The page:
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Fundamental frequency

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Fundamental frequency is an estimate of the periodicity of the sound. In the power spectrum it is the lowest common denominator of the harmonic peaks. SAP2011 offers two methods for computing it, to select in Explore & Score, use this radio box:
Pitch: a measure used in previous versions of Sound Analysis, is a combo-measure of harmonic pitch estimate (cepstrum) and mean frequency. The cepstrum peak is usually calculated upon the spectrum of log spectrum, but instead of log spectrum we use the derivative spectrum. At any given time window, pitch might be either harmonic, sinusoidal (whistle) or not well-defined. In the two later cases, mean frequency provides an appropriate pitch estimate.
Hence, at time window t, we calculate pitch according to three threshold parameters T1, T2, T3.
ff t =period where FFT(spectral_derivatives t) is the highest. (this is our cepstrum pitch estimate), and then:
if { ff t > T1 || (Wiener entropy < T2 & Goodness of pitch <T3) } Pitch t= mean frequency
Otherwise Pitch t = ff t
SAP2011 distinguishes between the two based on three considerations: first, harmonic pitch is often frequency bounded, e.g. in zebra finches we rarely see harmonic sounds with a fundamental higher than 1800Hz. Therefore, we reject a cepstral estimate higher than this threshold and prefer the mean frequency estimate.  Second, if the goodness of pitch is very low, pitch is unlikely to be harmonic. Third, if both goodness of pitch and Wiener entropy are low, pitch is even less likely to be harmonic. You can manipulate those parameters in the options. Note that  harmonic pitch is typically low, hence we reject harmonic pitch estimates that are higher than the natural range (e.g., in zebra finch harmonic pitch rarely approaches 2kHz).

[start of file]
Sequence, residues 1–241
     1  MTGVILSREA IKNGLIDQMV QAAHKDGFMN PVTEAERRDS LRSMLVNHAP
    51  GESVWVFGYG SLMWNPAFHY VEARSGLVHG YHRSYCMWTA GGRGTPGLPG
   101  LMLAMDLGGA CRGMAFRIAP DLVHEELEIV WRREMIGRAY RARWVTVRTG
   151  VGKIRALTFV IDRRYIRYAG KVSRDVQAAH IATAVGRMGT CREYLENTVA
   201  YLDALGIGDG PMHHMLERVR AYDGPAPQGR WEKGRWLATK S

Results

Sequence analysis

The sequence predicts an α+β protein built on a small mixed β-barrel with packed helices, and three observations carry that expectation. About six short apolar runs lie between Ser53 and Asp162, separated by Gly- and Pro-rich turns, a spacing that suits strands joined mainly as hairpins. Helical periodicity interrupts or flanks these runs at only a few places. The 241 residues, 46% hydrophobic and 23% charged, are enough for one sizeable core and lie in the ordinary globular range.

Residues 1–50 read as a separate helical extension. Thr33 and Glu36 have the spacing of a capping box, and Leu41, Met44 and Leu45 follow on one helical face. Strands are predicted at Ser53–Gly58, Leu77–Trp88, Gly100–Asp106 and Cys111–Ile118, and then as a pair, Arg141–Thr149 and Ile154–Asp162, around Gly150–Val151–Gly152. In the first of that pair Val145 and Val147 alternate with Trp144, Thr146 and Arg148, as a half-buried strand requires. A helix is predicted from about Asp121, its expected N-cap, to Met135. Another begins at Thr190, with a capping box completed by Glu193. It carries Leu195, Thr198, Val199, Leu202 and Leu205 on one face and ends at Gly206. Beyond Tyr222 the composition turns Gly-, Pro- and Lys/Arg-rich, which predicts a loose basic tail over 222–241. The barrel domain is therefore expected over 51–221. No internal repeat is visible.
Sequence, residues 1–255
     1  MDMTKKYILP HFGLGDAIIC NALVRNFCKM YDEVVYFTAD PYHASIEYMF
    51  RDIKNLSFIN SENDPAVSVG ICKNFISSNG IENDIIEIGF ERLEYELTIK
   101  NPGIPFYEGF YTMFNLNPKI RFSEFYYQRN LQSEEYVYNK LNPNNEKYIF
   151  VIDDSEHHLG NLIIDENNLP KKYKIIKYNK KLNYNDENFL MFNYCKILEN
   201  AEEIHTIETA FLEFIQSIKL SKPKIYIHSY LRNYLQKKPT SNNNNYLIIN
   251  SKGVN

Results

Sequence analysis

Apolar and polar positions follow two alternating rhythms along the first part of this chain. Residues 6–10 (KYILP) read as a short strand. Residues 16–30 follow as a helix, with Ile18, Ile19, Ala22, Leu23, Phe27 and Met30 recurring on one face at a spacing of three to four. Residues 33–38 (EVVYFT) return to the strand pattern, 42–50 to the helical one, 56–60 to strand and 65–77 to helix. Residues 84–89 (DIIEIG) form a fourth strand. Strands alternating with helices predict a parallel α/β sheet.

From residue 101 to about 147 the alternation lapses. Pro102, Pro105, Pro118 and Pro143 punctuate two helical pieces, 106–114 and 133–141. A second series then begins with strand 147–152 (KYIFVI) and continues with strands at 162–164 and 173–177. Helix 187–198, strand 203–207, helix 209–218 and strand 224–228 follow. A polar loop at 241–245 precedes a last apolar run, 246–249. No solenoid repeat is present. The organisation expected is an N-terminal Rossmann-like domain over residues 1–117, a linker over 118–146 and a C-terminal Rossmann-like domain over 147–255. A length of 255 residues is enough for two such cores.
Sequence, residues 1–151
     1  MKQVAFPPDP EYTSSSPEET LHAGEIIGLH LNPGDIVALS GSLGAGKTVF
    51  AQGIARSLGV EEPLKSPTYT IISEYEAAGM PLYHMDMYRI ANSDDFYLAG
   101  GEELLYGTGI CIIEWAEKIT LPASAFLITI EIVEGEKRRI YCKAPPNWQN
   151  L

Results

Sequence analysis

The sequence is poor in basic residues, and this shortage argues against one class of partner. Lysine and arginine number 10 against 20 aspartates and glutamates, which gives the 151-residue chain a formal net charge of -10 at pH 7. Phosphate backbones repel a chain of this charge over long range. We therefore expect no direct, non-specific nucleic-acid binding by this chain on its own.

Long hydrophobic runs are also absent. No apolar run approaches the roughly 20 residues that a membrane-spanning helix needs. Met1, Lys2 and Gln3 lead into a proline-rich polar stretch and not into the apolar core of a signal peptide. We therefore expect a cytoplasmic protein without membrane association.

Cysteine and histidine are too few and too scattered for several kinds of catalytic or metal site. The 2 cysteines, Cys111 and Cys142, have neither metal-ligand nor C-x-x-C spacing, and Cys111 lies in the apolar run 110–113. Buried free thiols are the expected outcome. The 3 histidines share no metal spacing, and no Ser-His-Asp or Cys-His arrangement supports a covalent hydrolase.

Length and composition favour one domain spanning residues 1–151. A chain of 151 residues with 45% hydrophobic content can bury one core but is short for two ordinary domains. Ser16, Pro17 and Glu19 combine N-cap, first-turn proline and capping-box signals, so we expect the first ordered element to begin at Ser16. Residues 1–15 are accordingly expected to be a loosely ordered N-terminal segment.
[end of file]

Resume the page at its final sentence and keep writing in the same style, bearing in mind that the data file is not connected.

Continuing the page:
Fundamental frequency (YIN algorithm): This measure is often (but not always) more accurate than the pitch, and it is more computationally expensive (about 40% increase in feature computation time of SAP2011). The algorithm is a so called 'time domain approach', which is based on auto-correlation and does not involve explicit spectral analysis (although auto-correlation and power spectrum and linear transformations of each other). It also include a smoothing algorithm that can, in principle, provide accuracy that might be better than the nyquist limitation by means of interpolation. The only YIN algorithm parameter is minimum frequency. By default SAP2011 set it at 300Hz. For more details, see A. de Cheveigné and H. Kawahara. YIN, a fundamental frequency estimator for speech and music. The Journal of the Acoustical Society of America, 111:1917, 2002. doi:10.1121/1.1458024.
Pitch version Fundamental frequency comparison: The following examples demonstrate the pros and cons of each approach. As shown, the fundamental frequency estimate is somewhat more accurate and less noisy than the pitch (compare values around the arrows)